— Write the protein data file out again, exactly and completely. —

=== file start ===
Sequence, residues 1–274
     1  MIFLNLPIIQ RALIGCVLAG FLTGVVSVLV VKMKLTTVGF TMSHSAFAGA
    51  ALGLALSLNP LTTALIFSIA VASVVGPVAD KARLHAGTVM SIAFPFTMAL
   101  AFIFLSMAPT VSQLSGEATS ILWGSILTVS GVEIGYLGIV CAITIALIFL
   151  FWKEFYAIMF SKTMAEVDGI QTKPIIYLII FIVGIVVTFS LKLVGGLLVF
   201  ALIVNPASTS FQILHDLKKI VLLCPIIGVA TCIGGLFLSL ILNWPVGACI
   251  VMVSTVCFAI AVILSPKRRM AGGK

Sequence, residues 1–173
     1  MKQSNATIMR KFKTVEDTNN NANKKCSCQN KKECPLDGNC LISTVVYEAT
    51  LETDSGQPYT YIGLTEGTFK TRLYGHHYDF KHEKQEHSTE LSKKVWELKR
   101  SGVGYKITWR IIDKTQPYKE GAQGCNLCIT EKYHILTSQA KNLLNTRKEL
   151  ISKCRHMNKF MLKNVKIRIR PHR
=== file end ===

Sequence, residues 1–274
     1  MIFLNLPIIQ RALIGCVLAG FLTGVVSVLV VKMKLTTVGF TMSHSAFAGA
    51  ALGLALSLNP LTTALIFSIA VASVVGPVAD KARLHAGTVM SIAFPFTMAL
   101  AFIFLSMAPT VSQLSGEATS ILWGSILTVS GVEIGYLGIV CAITIALIFL
   151  FWKEFYAIMF SKTMAEVDGI QTKPIIYLII FIVGIVVTFS LKLVGGLLVF
   201  ALIVNPASTS FQILHDLKKI VLLCPIIGVA TCIGGLFLSL ILNWPVGACI
   251  VMVSTVCFAI AVILSPKRRM AGGK

Sequence, residues 1–173
     1  MKQSNATIMR KFKTVEDTNN NANKKCSCQN KKECPLDGNC LISTVVYEAT
    51  LETDSGQPYT YIGLTEGTFK TRLYGHHYDF KHEKQEHSTE LSKKVWELKR
   101  SGVGYKITWR IIDKTQPYKE GAQGCNLCIT EKYHILTSQA KNLLNTRKEL
   151  ISKCRHMNKF MLKNVKIRIR PHR